4. Summary and Conclusions

Academic developers need to look for alternative clues which can refine the decision-making process [23] about designing and implementing continuous quality improvement action plans in higher education [24]. As observed in the present article based on CES data, the global item results are positively and highly correlated with those of individual items. Indeed, one set of results seems to influence the other. These results and related issues remain to be confirmed. In the meantime, we suggest that the global item results offer a pragmatic starting point for academic program developers [23,24] provided two conditions are met.

First, as mentioned earlier, the sequencing of items on the questionnaire must be such that responses on individual items precede that on global items. Otherwise, global item results may provide an inaccurate picture, leading to inappropriate action plans. Secondly, starting corrective actions with global item results is expected to be more useful for institutional environments considered to be in developing phase of their academic programs.

Once the global satisfaction among students about a course attains a high level at a particular satisfaction threshold, there will be much utility value in drilling down to gradings assigned to individual items. In this case, lowgraded items can be given priority closer attention. This practice will help to develop and sustain high quality in higher education.

As also recommended by Abrami [23], for using global item results at five levels which are considered higher than “course” (i.e. semester, year, program, college and university level), the average of global items from courses covered in a semester can be aggregated. This approach will help in improving decision-making at these higher levels, especially if most of the courses have poor global item gradings. Once the majority of courses attain higher gradings, one can make a paradigm shift away from this practice and look at individual items at the chosen level. A transition phase will require a hybrid approach global items vis-à-vis individual items. Once all the courses in a program attain high global item gradings, evaluations using even sampling-based approach can be adequate to monitor the sustainability of the achieved quality in higher education.

5. Limitations

The present article considered exploratory CES data sets of only one program from only one College, Nursing, the University of Dammam [UD]. In addition to other aspects, each program/college in UD might be at varying levels of the developmental phase in terms of infrastructure and facilities related to information technology (IT), library, sports and religious prayer. Accordingly, each might require a different approach while making use of global item results.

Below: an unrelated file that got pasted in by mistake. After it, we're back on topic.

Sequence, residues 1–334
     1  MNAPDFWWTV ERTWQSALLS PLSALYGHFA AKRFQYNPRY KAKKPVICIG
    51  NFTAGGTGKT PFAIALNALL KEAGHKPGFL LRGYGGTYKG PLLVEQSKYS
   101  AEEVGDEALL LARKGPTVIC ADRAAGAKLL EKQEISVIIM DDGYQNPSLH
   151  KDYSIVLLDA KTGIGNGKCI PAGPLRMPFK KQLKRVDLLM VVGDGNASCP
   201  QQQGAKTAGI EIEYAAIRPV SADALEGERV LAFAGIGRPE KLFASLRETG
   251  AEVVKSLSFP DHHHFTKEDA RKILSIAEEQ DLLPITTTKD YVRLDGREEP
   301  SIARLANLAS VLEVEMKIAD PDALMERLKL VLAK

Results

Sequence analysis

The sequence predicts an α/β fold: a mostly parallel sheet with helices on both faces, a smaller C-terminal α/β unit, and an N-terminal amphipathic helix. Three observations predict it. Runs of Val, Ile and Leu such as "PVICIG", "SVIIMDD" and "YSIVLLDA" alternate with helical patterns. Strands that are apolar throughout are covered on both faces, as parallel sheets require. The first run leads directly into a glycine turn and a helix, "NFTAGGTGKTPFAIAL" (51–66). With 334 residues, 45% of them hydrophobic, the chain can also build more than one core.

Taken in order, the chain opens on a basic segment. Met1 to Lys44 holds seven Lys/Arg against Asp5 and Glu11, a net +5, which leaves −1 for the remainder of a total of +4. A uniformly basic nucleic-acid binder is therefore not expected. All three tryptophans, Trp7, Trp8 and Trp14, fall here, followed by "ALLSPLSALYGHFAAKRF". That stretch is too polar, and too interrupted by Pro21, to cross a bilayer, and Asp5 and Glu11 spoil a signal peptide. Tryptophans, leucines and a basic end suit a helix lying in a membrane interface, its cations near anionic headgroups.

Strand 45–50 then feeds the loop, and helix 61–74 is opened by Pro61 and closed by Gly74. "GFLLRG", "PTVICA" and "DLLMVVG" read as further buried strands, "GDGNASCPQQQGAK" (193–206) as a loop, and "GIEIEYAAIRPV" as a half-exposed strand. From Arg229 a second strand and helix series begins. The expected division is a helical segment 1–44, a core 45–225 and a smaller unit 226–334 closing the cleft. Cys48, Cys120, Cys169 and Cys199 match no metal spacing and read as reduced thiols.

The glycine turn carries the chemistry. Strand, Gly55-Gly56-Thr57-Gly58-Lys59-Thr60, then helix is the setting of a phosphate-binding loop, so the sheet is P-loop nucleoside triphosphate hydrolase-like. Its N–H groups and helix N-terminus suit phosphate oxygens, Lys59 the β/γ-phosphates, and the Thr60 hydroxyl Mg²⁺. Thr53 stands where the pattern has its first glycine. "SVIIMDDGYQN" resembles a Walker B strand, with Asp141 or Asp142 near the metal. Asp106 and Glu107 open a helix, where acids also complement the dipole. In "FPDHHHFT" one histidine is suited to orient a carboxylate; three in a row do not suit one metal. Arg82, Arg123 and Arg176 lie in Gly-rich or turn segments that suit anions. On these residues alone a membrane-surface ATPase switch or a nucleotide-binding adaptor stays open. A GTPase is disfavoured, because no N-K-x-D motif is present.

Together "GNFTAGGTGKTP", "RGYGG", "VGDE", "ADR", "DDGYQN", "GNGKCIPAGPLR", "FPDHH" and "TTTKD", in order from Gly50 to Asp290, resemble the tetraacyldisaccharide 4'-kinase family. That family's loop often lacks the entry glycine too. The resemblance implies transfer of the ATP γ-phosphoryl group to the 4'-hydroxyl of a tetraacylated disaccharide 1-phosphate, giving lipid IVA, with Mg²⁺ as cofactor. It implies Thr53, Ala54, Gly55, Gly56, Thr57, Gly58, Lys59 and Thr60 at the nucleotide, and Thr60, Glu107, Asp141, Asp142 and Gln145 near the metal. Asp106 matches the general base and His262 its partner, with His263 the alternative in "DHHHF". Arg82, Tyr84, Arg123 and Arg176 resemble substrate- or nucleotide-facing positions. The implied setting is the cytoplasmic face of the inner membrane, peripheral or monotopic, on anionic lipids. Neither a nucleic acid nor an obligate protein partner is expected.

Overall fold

6. Future Research

Each program as well as college involves varying levels of development [1-2]. Thus, each one of them requires such evaluations considering related CES data. Likewise, data under other evaluations also need to be explored to assess utility of global item results viz-a-viz other item results. The related clues from such explorations may be helpful to the academic program developers in expediting the decision-making about continuous quality improvements in high education.

7. Acknowledgements

The authors are thankful to the Dean, College of Nursing and officials at their Quality & Planning Unit, for cooperation in data collection. They thank Mr. Royes Joseph, (DQAA), for his help in analysis and Ms. Margilyn Ungson for secretarial input. Finally, they thank all students for their mature, balanced and objective response.


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Appendix 1: Course Evaluation Survey Questionnaire


At the start of the course, I was made clear about:

1) The course outline including the knowledge and skills.

2) The things I had to do to succeed, including assessment tasks and criteria for assessment.

3) Sources of help for me, including faculty office hours and reference material.

During this course, my instructors:

4) Conducted the course consistent with the course outline.

5) Were available during office hours to help me.

6) Were enthusiastic about what they were teaching.

7) Cared about my academic progress, and, were helpful to me.

8) Were fully committed to the delivery. (e.g. On time start, regular presence, well prepared material, etc.).

9) Had thorough knowledge of the content of the course.

10) Used up-to-date and useful course materials. (Texts, handouts, references etc.).

11) Encouraged me to ask questions, and, develop my own ideas.

12) Inspired me to do my best work.

13) Made clear to me the links between this and other courses in my total program.

14) Gave fair grade to my Continuous Assessment [tests & assignments].

15) Gave the marks for the Continuous Assessment to me in time.

During this course, my college/department:

16) Provided the resources I needed (textbooks, library, computers etc.) & made them available for me when I needed.

17) Provided effective technology to support my learning.

18) Made sure that the things to be done by me (class activities, assignments, laboratories etc), were appropriate for the knowledge & skills the course was intended to develop.

19) Required a fair amount of work for the credit hours allocated.

Evaluation of the course: this course helped me to:

20) Learn what is important & will be useful to me.

21) Improve my ability to think & solve problems rather than memorize information.

22) Develop my ability to work as a member of a team.

23) Improve my ability to communicate effectively.

Overall evaluation:

24) Overall, I was satisfied with the quality of this course.